Keeping your skin clean, dry and free from abrasions or irritations can help to prevent folliculitis. Certain people are more prone to infections, such as people with diabetes. If you have a medical problem that makes you more likely to get infections, these precautions may be more important. Using antiseptic washes routinely is not generally recommended, as they can make the skin sore and dry. Keeping the skin moisturised can help protect it from damage. Take care when shaving (especially if you wet shave), using a shaving gel, foam or soap to lubricate the blades across the skin to prevent nicks and cuts.

      Most cases of folliculitis are not contagious but if you have been identified as carrying the S. aureus germ (bacterium), this infection can occasionally be transferred to other people. This risk can be minimised by normal hygiene measures and laundering clothing, bed linens and towels on a hot wash. Do not share razors. You should also avoid sharing hot tubs until the infection has been treated.


      Wherever the folliculitis occurs, the treatment principle is broadly the same. General measures involve avoiding things that aggravate the condition. It is important to shave in the direction of hair growth. Sometimes it is worth taking a break from shaving for a few days, to let the folliculitis settle down by itself. Tight clothing over the affected area, particularly if it makes you sweat, will not help either. Keeping cool and keeping folliculitis exposed to the fresh air will also help. If you have folliculitis you should not share towels, flannels or razors.


      The therapeutic and health properties of oils such as coconut oil and grapeseed oil, have been known for millennia.  However, it has been demonstrated that it is possible to further enhance the properties of oils by adding ozone. Indeed, ozone (O3) has been recognized as one of the best bactericidal, antiviral, and antifungal agents, and has been used empirically as a clinical therapeutic agent.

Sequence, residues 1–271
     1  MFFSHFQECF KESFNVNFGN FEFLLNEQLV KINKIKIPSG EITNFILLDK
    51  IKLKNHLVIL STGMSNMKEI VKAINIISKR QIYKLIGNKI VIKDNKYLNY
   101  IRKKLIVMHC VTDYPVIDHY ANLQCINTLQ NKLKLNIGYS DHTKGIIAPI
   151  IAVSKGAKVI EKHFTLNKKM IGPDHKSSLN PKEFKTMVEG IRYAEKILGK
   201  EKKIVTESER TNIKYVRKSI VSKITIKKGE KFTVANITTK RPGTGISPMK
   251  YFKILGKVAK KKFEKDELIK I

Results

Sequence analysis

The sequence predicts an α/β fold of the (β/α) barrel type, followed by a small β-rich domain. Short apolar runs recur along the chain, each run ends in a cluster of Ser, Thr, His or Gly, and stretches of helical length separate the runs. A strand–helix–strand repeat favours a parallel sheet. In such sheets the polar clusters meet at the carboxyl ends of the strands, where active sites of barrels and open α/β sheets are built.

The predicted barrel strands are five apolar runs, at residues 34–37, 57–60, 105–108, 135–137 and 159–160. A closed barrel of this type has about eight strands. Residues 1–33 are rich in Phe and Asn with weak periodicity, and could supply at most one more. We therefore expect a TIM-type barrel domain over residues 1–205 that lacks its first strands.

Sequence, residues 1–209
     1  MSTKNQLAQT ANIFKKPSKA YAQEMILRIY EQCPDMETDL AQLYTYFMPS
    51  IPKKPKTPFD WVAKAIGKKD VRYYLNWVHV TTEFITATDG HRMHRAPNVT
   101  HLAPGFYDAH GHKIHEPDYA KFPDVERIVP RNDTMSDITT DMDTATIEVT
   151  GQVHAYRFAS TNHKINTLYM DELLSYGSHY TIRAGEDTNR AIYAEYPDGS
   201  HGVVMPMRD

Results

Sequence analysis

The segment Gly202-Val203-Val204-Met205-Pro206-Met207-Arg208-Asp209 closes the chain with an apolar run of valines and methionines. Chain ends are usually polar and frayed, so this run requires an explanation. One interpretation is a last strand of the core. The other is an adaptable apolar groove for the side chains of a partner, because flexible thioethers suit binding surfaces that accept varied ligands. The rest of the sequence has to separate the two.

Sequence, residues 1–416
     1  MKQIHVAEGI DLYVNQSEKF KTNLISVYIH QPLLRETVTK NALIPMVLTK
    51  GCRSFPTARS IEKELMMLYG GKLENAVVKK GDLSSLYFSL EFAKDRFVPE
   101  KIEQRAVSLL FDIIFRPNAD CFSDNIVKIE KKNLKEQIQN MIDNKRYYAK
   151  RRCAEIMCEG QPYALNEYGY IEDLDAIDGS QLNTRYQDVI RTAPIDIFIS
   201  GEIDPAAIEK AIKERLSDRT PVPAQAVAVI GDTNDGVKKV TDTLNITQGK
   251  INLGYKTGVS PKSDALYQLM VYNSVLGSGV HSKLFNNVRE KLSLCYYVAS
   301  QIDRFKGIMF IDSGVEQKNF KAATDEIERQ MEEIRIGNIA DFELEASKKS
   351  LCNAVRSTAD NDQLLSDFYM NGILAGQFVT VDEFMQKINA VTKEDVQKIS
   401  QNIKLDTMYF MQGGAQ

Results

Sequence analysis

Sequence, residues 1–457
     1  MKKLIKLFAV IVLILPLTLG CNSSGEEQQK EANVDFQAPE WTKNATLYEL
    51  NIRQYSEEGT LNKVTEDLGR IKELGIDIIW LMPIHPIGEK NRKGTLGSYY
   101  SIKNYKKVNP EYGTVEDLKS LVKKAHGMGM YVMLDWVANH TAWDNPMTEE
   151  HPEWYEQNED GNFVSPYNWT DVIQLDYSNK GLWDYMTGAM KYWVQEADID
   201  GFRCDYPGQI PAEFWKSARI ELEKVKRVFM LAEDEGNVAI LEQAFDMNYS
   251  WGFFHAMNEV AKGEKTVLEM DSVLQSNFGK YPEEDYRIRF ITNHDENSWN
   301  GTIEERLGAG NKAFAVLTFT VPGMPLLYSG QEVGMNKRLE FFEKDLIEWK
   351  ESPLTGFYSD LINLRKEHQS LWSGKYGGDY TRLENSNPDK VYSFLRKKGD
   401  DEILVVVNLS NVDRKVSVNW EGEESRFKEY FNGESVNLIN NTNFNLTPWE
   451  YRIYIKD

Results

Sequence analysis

Coconut ozonated oil - Research shows that daily use of ozonated coconut oil on the infected area can reduce irritation and inflammation. This needs to be applied once daily for better results. Ozonated coconut oil contains fats, which are not only good for consumption in the dishes but also good for the skin. These fatty acids are absorbed by the skin and help in a speedy recovery.

      Grapeseed ozonated oil - When used as a topical treatment, grapeseed ozonated oil can help promote healthy skin on a cellular level. That’s because grapeseed oil contains vitamin E, beta-carotene, and linoleic acid. These nutrients give the oil antioxidant and antiproliferative properties, helping healthy cells to regenerate and replace aging or damaged cells. Natural oils that contain high levels of certain fatty acids — like grapeseed — have also been linked to wound healing. Grapeseed ozonated oil has antimicrobial properties, which means it can kill bacteria. While there are no large scale studies proving a link between grapeseed oil and folliculitis treatment, it may be worth a try.


      Older Post Newer Post

      Leave a comment